In order to understand divine command theory we must first understand the nature of God and Morality. So we will start by taking a look at what makes an action moral. Once we understand what makes an action moral, we can then try to understand the author's’ viewpoint on the divine command theory of ethics. Understanding the viewpoint will allow us to dissect the author’s viewpoints and come up with counter-arguments that the author must then contend with.
Divine command ethics is a theory that states, that an action's moral content is equivalent to if it was commanded by God. It states that if God is all powerful, then he must also be all good. It then follows that if God is all good, everything He commands must be moral. It uses God as the only basis of determining if a particular action is moral. Moreover it states that an action cannot be moral if, God did not expressly command the action to be ...view middle of the document...
The author of God and Morality, Stephen M Cahn, used the examples of the evil monk, Torque-mada and the morally upright, Buddha.
In “The Basis of Christian Ethics”, Oswin Craton seems to buy into the theory of divine command ethics, hook, line and sinker. From the beginning of the passage, the author opens with explaining that we cannot look, at what is good without first understanding what is going to make God happy. He makes sure we know that this includes all of our metrics for if a behavior is or is not ethical. He goes on to explain that there is no greater, good then the good that is God. Also that there cannot be anything that is god, outside of his own goodness. He finishes by saying that he is the only source of ethical behavior.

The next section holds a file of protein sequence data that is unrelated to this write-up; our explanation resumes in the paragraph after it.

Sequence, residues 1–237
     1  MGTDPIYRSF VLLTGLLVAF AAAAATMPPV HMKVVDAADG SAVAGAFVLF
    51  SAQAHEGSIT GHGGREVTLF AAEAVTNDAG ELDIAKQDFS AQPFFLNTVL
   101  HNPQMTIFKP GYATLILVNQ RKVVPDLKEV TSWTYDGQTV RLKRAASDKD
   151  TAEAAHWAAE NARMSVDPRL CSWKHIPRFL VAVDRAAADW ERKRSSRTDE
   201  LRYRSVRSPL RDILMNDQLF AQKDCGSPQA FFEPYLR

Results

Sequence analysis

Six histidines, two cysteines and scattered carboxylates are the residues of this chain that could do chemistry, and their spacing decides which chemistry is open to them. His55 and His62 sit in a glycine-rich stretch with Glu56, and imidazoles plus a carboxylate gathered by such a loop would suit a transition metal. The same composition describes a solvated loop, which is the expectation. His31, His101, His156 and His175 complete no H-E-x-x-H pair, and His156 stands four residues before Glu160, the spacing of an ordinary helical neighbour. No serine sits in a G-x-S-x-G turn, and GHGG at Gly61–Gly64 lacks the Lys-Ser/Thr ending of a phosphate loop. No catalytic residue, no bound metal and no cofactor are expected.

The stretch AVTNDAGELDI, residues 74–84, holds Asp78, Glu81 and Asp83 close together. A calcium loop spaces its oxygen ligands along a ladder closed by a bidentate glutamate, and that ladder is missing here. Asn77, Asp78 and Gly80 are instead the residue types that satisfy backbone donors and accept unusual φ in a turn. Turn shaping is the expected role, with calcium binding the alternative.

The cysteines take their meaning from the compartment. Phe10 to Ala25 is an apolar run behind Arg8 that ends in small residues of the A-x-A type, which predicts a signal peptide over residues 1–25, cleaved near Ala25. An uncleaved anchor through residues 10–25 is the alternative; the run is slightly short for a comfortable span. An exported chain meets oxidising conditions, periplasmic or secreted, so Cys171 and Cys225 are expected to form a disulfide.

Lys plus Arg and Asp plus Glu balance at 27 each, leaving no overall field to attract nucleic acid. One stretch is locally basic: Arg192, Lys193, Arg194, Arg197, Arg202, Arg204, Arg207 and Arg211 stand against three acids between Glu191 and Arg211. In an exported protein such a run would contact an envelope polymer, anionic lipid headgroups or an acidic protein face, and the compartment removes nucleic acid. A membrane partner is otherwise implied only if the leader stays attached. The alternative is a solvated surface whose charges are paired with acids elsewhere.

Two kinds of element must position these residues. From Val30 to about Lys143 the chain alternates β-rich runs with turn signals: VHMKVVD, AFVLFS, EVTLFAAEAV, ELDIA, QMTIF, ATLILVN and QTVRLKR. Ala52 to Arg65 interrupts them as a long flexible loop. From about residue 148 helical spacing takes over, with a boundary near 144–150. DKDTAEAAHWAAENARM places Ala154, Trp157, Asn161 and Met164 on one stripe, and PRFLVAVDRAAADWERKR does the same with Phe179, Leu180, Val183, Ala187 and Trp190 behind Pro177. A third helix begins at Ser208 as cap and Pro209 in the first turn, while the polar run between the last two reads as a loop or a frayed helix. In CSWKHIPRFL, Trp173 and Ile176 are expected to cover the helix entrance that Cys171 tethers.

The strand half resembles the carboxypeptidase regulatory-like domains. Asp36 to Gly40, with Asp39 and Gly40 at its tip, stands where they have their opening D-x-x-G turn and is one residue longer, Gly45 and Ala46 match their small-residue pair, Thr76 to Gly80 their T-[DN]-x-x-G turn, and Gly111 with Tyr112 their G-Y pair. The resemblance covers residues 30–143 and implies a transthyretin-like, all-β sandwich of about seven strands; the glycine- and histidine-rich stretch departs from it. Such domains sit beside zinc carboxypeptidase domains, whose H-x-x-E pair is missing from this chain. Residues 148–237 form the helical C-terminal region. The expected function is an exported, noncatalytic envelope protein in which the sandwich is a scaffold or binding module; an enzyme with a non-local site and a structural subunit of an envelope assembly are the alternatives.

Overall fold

The passage seems to be an endorsement of divine command ethics theory. However, it is difficult to discern if the author agrees only with some or all aspects of the theory. One objection that the author may have to contend with is that even if God’s command has relevancy in this particular world it may not have relevancy in other possible worlds. This theory requires that God be all knowing and all good in all realms, and this incompatibility renders the theory, at least partly incorrect. In addition to the possible introduction of parallel worlds, the author may run into the problem that divine command theory, is very hard to rectify with the idea of moral autonomy, or that God has given us the ability to act on our own. Also if God is all knowing and all good, how can he allow bad things to happen? If god allows bad things to happen, he cannot be both all-knowing and all good.
To summarize the divine command theory, has been proposed, and ripped apart, many times throughout history. Since the beginning of human civilization, the concept of god and morality has been central to our understanding of the universe. The search to find moral order, in the universe is as much a part of human existence as the need for food and water. For as long as we continue to be human we will continue to search for the answers to this and other questions.